NO-TEXT_X-Agency-Work-Personalities-(And-How-To-Deal-With-Them)

How’s that agency job going?

Whether you’re an agency veteran or just getting into the game, knowing how to work with the different personality types is a great skill to have to keep things running smoothly.

Of course, some personalities are easier to handle than others, and that’s something you’re going to find in every workplace.

Let’s check out some of the likely personality types you’re going to encounter and some strategies for dealing with them…

Personality Types

Psychologists have long been studying personality types. Back in the 1950s they believed Type A or Type B personalities were directly related to the likelihood of developing certain diseases. This is not true, although it is a fact that some personality types are more prone to feeling negative impacts from stress, which can lead to ill health.

There have been many theories posed by psychologists over the years, including Freud’s almost century old Tripartite Theory and Eysenck’s Personality Theory from the 1940’s. Today though, while other theories exist, one of the theories you are most likely to hear about in relation to the workplace is types A, B, C or D personalities.

Type A Personalities

You actually hear this term thrown around a lot; “she’s so Type A”, but what does that really mean?

Type A characteristics may include the following:

  • Driven and ambitious
  • Proactive
  • Deadline-oriented
  • Not particularly detail-oriented, will delegate this to others
  • Workaholic
  • Outgoing
  • Highly energetic, won’t sit still for very long
  • Often over-commit and take on too many projects
  • Impatient with small-talk
  • Truthful. This can sometimes be viewed as “insensitive”, however Type A’s are often sensitive and sympathetic
  • Eager to help
  • Competitive

Type A’s tend to be the ones who everyone knows around the office (possibly as the ones who people try to avoid if they lean on the aggressive side). They are often in management roles and they can’t stand missing deadlines, so if your boss is a Type A, have work in slightly ahead to be in the good books!

Cut to the point when dealing with Type A personalities; they aren’t fond of chit-chat and they’re probably on a tight schedule. They will appreciate the digested version with the main point highlighted.

rsz_type-a

The Type A Stereotype: Not all Type A’s are angry, but they can be perceived as aggressive. Image source: Buzzle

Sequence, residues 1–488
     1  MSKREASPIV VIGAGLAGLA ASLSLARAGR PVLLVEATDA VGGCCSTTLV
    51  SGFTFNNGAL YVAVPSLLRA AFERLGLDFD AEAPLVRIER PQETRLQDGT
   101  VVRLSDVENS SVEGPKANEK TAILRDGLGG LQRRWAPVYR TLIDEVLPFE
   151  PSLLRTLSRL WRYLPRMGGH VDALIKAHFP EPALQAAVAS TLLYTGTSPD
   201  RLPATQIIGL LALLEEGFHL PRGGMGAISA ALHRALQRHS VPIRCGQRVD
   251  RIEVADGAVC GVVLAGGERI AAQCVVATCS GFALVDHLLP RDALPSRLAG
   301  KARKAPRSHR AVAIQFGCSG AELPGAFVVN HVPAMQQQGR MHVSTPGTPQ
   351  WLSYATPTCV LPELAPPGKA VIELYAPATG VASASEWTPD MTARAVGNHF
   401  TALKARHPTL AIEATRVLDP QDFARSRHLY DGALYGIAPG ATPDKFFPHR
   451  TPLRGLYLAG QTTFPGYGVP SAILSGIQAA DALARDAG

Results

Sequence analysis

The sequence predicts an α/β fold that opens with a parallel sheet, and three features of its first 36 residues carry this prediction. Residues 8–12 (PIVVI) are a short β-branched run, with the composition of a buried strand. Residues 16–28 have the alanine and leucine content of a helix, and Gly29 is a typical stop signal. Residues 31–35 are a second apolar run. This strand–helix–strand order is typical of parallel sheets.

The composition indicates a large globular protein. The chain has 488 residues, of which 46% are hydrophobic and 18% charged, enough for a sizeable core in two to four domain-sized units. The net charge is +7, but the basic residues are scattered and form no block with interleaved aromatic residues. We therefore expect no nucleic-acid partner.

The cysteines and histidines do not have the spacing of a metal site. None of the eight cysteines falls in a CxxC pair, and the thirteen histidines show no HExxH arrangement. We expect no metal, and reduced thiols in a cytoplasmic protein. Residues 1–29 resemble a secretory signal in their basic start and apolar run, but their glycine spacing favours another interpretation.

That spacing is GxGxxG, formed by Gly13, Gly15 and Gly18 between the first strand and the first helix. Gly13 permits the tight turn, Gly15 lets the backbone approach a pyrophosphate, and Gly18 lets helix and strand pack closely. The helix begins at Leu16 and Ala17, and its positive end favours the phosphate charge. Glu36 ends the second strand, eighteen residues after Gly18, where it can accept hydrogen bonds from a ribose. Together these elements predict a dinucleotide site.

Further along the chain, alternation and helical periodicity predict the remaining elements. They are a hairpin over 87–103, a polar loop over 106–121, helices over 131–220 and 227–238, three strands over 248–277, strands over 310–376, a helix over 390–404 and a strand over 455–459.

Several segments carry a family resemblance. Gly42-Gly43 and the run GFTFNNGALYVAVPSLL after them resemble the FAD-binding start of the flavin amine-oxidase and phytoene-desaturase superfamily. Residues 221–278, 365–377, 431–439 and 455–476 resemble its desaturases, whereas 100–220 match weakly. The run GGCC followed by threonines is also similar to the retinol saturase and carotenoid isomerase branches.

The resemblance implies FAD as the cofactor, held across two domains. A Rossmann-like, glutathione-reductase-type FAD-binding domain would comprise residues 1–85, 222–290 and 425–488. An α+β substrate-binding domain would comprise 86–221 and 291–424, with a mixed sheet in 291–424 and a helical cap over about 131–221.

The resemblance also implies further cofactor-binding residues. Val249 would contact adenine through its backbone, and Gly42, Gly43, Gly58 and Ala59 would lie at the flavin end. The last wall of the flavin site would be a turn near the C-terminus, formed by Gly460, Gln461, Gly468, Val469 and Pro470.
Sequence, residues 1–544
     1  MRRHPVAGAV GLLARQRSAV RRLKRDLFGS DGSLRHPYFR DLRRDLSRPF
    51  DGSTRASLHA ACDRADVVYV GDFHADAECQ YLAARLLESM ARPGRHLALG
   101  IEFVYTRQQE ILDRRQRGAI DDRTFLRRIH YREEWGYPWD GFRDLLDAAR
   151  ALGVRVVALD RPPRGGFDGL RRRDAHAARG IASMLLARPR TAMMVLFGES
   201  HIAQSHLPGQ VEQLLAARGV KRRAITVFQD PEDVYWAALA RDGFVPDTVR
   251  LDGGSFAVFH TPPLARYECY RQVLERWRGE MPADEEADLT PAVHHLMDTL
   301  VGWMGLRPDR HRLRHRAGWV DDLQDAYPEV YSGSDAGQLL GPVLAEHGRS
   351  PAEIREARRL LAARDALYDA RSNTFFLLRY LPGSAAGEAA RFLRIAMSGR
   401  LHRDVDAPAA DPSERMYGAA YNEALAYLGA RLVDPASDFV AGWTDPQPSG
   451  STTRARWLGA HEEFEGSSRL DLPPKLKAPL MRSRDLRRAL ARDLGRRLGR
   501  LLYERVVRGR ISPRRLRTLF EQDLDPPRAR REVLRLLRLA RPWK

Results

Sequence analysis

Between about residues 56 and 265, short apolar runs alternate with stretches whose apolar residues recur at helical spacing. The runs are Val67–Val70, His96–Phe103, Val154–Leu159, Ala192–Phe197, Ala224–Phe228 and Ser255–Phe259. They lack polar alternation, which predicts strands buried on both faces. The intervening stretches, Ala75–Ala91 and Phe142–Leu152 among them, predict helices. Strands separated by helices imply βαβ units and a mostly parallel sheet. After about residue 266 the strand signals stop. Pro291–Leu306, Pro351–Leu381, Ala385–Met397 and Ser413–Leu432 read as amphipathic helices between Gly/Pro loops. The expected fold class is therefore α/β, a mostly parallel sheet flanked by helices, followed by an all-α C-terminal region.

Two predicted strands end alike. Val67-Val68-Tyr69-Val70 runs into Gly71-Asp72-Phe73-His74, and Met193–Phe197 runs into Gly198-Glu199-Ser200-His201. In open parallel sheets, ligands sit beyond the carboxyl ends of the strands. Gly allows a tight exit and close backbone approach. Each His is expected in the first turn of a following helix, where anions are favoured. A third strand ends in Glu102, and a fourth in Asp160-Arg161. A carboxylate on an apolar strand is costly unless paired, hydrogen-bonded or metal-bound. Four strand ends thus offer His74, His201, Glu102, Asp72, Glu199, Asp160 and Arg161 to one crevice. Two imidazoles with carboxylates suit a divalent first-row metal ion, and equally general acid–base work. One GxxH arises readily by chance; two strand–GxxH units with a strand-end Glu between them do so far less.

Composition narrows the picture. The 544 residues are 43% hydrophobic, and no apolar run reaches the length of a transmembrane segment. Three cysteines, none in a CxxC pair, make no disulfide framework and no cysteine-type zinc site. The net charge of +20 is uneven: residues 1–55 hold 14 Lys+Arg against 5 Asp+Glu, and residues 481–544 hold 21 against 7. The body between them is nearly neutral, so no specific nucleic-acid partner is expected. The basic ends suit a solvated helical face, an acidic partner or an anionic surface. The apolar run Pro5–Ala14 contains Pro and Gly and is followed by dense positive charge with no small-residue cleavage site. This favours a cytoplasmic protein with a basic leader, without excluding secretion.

Type A’s In Your Agency

Type A personalities are well-suited to founder or entrepreneur-type roles, so you may find your agency directors or founders fall into this personality type. You could also find them in competitive roles such as ad executive, creative director or any other “upwardly mobile” role.

Type A’s do not like having a lot of restraints on them, so they will typically have a role that gives them plenty of autonomy. They tend to also dislike too much repetitive work as this will bore them.They can be counted on to spring to action in a crisis or emergency situation. (They’d probably make a great fire warden for the office!).

They are the ones working late and who get impatient if there are any project delays. They may also be more socially isolated than others because they’re so focused on work. They still like people though, so make sure they get those social invites, too!

What’s your personality type? Take our free quiz here

Type B Personalities

Type B’s tend to get off more easily than the A’s when it comes to stereotypical views of what to expect from them. Where Type A is “anal”, Type B is seen as laid back, laissez-faire and happy to stop and smell the roses (something which will irritate an A they may be taking a walk with!).

Here are some characteristics you may find in a Type B:

  • People-pleasers -they want to be liked and will seek approval from others
  • Social and fun -Type B’s are always invited, if not the instigator of the party
  • Enjoy applause and attention
  • Calm and patient
  • Not especially competitive; “you win some, you lose some”
  • Flexible and tolerant
  • Want to give a good impression so that people like them
  • LOVE to chit-chat
  • Relaxed
  • Procrastinators

Type B’s are known for being particularly concerned with whether they are liked and how others perceive them. They will tend to present themselves well for this reason and will be upset if they think that someone doesn’t like them (Type A’s probably don’t care).

You can usually count on Type B’s to be friendly and outgoing, the ideal kind of people to show newbies the ropes. They are dreamers and often have the ability to create great practical work from their ideas.